Why the Election in Serbia Is No Cause for Rejoicing

The prime minister’s electoral victory this weekend is being cast as a win for the European Union. It wasn’t.

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On Sunday, April 24, Serbia held snap parliamentary elections that many international observers depicted as a referendum on the country’s membership in the European Union. The Serbian Progressive Party of Prime Minister Aleksandar Vucic, which supports accession to the EU, won a resounding victory with 48.6 percent of the vote. The results will allow the party to retain control of parliament for the next four years.

Vucic says he called the elections two years early to strengthen his pro-EU mandate at a moment when ultra-nationalism and pro-Russian sentiment seem to have made a comeback. He’s also promised to make sweeping economic reforms that will satisfy both the EU and the International Monetary Fund and move Serbia toward a European future. As a result, most international media outlets were quick to interpret Sunday’s results as a victory for the European Union. EU officials, many of whom see Vucic as a stable, pro-European partner with whom they can do business, were quick to congratulate him for his victory.

But Vucic’s win is not indicative of widespread acceptance of Western values or support for EU accession. In reality, pro-European sentiment in Serbia is lower than it has been in years. What Vucic’s victory shows is that, through his heavy-handed leadership style, he has succeeded in smothering any credible opposition to his rule.

“One thing Vucic has done effectively is to neutralize any potential sources of opposition: There are no credible opposition parties, and control over media and information is almost complete,” says Eric Gordy, a sociologist and Balkan expert at the University College London.

In a letter addressed to Joe Biden last year, Human Rights Watch called attention to restrictions on media freedom in Serbia, noting that media workers operate in a “hostile environment” and pointing out “political interference” in reporting. The OSCE issued similar warnings in a pre-election report published in April. Critics also claim that Vucic used a high-profile anti-corruption campaign to whittle away at the political opposition.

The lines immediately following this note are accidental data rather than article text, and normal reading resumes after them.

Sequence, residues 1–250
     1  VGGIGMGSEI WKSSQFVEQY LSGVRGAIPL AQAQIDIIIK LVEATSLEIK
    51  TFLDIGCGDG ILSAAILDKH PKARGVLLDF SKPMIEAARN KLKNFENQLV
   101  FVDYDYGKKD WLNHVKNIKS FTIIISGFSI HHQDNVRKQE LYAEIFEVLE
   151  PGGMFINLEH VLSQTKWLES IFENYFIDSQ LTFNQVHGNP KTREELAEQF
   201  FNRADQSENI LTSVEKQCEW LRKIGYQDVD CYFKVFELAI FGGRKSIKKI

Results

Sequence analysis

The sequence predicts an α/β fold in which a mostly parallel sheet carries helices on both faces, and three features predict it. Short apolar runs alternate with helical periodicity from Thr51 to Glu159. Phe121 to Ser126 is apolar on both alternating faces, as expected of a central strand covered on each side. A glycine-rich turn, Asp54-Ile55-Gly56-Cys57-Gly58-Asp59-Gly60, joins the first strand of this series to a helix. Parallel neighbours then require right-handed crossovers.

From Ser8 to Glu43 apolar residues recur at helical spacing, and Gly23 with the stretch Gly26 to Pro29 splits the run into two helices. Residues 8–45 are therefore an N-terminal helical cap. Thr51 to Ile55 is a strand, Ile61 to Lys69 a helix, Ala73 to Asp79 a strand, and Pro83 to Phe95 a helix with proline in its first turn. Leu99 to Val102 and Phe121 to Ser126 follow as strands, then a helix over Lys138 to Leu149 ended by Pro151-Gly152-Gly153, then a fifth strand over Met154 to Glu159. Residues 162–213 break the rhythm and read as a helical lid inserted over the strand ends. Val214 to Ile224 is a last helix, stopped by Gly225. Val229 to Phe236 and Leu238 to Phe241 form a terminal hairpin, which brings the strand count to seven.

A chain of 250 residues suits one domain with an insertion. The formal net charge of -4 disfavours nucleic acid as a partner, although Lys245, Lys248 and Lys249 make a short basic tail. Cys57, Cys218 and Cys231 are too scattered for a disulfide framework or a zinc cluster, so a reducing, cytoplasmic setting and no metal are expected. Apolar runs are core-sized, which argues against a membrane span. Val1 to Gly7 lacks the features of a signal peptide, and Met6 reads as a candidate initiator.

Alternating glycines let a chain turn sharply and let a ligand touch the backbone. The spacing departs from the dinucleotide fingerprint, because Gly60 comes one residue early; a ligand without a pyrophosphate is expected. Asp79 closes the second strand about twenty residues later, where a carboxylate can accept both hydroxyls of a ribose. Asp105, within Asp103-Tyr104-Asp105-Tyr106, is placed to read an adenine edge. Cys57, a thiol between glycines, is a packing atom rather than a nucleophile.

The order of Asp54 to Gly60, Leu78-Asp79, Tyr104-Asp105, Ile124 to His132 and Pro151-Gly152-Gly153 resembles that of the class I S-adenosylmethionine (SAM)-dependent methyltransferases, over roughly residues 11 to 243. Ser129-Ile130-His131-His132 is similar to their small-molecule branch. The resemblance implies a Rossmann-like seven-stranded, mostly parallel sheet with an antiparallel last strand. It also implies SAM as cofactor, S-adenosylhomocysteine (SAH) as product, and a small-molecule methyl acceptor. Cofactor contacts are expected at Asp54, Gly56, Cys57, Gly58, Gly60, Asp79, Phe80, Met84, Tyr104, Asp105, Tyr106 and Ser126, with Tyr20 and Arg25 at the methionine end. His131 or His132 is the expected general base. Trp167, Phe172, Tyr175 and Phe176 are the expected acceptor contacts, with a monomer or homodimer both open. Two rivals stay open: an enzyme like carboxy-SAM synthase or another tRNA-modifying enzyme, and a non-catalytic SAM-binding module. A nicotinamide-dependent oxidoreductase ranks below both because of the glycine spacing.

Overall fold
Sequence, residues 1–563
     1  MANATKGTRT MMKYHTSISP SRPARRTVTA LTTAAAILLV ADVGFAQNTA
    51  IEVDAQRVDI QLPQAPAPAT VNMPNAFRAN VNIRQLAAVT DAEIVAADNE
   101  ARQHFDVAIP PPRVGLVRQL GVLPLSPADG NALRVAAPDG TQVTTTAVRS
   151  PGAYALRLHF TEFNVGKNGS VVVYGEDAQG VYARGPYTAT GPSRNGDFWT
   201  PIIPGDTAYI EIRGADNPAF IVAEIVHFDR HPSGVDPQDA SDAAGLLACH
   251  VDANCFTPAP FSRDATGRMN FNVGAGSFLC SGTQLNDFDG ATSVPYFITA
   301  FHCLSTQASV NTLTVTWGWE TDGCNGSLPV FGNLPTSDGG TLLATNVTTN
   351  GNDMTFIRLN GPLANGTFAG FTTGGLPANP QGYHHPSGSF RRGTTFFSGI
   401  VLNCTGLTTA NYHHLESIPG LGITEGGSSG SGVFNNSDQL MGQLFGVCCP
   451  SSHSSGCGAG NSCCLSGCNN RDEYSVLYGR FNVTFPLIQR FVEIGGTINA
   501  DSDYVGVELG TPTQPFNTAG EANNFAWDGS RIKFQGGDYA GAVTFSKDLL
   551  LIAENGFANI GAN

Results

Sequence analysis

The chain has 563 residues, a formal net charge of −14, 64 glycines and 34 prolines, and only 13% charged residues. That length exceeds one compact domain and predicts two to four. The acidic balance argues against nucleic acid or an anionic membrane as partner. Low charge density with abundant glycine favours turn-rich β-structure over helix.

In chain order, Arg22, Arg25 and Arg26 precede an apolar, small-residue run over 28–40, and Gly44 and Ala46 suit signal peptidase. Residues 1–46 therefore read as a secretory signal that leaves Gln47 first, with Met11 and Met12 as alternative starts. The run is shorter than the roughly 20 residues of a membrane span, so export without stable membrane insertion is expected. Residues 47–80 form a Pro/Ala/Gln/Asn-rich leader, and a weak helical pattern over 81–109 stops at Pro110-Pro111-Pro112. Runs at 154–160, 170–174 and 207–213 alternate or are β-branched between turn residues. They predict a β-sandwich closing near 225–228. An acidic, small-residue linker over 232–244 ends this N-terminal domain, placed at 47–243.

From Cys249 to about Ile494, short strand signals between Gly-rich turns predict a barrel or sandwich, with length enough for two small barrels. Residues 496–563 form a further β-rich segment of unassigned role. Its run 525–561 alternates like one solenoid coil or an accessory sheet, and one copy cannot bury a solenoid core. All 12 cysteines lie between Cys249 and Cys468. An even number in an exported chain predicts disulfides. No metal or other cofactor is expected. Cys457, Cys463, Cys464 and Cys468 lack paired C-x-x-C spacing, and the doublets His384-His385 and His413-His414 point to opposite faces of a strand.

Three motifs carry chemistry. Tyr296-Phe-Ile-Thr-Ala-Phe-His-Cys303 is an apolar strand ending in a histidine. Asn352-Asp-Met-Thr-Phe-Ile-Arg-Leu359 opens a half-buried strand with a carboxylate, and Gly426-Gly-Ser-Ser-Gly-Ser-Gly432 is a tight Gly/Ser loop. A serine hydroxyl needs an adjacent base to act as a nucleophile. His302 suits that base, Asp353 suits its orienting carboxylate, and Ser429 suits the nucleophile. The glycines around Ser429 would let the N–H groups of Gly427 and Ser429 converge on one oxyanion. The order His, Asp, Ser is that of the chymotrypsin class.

“Vucic has been craftily solidifying power during the last few years, taking control of the media and institutions,” agrees Branislav Radeljic, senior lecturer in international politics at the University of East London. In Serbia, people frequently complain about the persecution of opposition activists and pressure on journalists critical of the government, he says.

Given his anti-democratic behavior, it’s unlikely that Vucic’s support for EU accession is based on genuine respect for European values and rule of law. Instead, he should be viewed as an opportunist who is interested in little more than preserving his own power. While he is determined to amass allies in Brussels, he has also promised to strengthen Serbia’s ties with Russia and has praised Serbian war criminals (all while describing himself as a moderate). And it bears noting that he was minister of information for Serbia’s notorious former strongman, Slobodan Milosevic, and was responsible for developing his wartime propaganda machine.

“To interpret Vucic’s electoral victory as a victory for the European Union is a completely wrong interpretation,” says Goran Miletic, program director for the western Balkans at Civil Rights Defenders. “Vucic has been a politician for more than 20 years,” he adds. “He fully understands how to manipulate the majority of Serbians, who are conservative, patriarchal, not well educated, and [he also understands] the power of media control.”

Vucic’s opponents say that his rise, combined with European indifference to his methods, has actually weakened support for the European Union in Serbia.